Finding the right home for you and your family is an exciting, though sometimes tiring, adventure. You're searching for a style you love, the right amount of bedrooms and bathrooms, and the perfect location, all because you want to find your ideal home. But what if, in all that excitement, you bought a house that had underlying issues you couldn't see for yourself? It sure would dampen the mood, and possibly your bank account.
Before closing on that dream home, get your prospective home professionally checked by a home inspector to make sure there aren’t any issues. With that, it's important to know that all inspectors aren't created equal, especially when few states regulate or license home inspectors.
The Good, the Bad and the Ugly
First and foremost, your realtor should recommend a home inspector you can trust. But just like inspectors that recommend contractors to work on your house, you should always do some research yourself.
For example, when looking through potential inspectors, it's OK to ask for sample reports they've done in the past. Based on the length of their past reports alone, you'll be able to determine if they provide comprehensive reports that highlight and address defects or problems, or if they're just "kicking the tires." A solid report rests somewhere between 20-50 pages. It's also OK to find out how long, on average, their inspections take. An inspector that is taking his/her time will average about three hours, depending on the size of the house. The more they rush the less likely they are to diagnose any problems.
Finally, if an inspector does make note of a problem, and the seller agrees to repair it before the purchase occurs, a good inspector will return to verify that the repair has been made, without charging for a re-inspection. Again, if you simply accept the seller's word that the problem has been fixed, you run the risk of it not getting done correctly, or simply not done at all.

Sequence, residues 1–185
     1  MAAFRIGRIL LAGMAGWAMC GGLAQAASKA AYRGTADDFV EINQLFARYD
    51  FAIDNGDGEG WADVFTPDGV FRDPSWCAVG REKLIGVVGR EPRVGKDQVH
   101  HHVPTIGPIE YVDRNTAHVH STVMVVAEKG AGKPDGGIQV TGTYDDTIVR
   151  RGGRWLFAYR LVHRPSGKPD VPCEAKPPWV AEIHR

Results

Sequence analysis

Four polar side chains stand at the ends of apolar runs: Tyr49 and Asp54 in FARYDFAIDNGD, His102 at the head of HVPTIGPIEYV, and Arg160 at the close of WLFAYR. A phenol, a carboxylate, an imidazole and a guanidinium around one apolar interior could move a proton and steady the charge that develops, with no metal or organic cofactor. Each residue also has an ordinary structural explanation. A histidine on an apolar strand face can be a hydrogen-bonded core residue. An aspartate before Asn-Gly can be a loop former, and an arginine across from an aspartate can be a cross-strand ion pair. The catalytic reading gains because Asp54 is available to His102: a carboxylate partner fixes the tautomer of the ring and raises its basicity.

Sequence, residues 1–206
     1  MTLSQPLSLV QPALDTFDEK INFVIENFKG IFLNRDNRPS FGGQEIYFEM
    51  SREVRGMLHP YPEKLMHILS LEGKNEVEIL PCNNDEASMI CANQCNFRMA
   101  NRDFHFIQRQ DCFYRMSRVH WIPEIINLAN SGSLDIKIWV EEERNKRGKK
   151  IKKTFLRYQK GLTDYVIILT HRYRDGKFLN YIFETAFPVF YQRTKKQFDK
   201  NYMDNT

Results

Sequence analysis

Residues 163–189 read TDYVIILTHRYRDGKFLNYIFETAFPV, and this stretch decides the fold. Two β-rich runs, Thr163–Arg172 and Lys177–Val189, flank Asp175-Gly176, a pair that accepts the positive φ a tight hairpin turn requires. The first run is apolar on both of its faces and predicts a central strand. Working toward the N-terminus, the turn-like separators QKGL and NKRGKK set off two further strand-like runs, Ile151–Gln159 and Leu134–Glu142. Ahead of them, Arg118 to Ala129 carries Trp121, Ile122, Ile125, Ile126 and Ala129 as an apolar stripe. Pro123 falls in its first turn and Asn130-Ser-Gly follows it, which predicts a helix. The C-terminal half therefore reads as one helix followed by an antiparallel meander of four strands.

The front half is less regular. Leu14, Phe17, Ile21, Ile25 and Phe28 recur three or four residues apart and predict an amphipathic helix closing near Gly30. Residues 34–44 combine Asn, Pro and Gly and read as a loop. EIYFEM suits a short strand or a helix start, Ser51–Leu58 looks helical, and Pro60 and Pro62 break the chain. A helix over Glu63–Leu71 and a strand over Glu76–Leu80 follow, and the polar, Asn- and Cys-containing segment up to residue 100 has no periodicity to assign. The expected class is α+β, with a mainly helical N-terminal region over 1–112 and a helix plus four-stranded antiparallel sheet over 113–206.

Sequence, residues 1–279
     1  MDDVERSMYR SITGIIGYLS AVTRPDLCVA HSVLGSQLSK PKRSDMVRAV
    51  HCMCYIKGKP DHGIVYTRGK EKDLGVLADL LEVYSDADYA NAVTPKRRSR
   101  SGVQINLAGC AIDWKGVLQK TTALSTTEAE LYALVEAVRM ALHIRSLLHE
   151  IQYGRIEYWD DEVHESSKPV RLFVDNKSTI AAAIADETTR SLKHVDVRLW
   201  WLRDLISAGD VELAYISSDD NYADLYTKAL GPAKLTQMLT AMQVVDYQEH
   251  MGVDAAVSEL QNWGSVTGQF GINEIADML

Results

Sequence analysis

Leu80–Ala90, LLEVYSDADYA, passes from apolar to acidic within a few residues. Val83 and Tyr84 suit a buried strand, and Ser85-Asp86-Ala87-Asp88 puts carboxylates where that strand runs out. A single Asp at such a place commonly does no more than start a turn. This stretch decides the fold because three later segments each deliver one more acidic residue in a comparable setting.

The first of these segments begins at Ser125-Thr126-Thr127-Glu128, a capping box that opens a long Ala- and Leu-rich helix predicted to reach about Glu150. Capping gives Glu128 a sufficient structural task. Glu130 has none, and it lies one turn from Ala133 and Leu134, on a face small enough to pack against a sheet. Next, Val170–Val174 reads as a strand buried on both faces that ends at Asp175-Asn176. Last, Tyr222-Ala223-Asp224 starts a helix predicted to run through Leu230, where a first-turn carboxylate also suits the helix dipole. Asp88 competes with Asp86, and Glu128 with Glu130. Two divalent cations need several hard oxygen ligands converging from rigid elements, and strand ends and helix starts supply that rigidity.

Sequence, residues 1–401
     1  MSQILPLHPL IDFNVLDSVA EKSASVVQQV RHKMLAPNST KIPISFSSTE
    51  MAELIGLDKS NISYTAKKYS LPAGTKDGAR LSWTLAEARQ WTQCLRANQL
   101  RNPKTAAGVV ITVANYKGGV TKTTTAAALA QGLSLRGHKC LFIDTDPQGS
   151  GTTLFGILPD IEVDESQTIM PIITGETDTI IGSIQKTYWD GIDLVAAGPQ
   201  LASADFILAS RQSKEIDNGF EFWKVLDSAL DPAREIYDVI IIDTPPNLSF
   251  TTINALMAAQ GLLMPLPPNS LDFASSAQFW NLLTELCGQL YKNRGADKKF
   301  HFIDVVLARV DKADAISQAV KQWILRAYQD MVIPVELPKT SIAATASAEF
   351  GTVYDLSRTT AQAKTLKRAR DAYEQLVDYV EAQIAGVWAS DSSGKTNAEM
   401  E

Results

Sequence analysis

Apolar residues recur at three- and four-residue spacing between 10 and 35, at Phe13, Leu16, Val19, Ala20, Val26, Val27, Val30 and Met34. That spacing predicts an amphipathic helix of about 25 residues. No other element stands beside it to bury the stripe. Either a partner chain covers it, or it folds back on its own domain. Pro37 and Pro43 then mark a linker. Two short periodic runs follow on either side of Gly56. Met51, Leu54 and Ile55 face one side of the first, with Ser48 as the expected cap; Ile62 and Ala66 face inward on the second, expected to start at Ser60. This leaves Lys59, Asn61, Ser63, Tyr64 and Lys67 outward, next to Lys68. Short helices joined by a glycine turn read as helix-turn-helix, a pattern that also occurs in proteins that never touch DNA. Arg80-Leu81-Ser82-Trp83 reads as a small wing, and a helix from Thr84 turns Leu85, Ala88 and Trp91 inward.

What You Should Know About the Inspection
Knowing what your inspector is looking for can give you a better understanding of current or future problems. Without getting in the inspectors way, use this opportunity to ask him/her questions, particularly when it comes to defects or actionable items you should know about.
This will help you, especially as a first-time homebuyer, when it comes to understanding routine maintenance that helps to keep your house in tip-top shape. Inspectors can also help you understand where any safety issues or defects lie, and what needs to be replaced or serviced and when.
The bottom line is that finding a great home inspector can take time, and cost a bit more money, but if they're able to save you money in the long run, or keep you extra safe in that beautiful new house, you'll be glad you put in the additional bit of work. Contact me today for a consultation. I will be happy to answer any questions you may have, and/or help you find your dream home.
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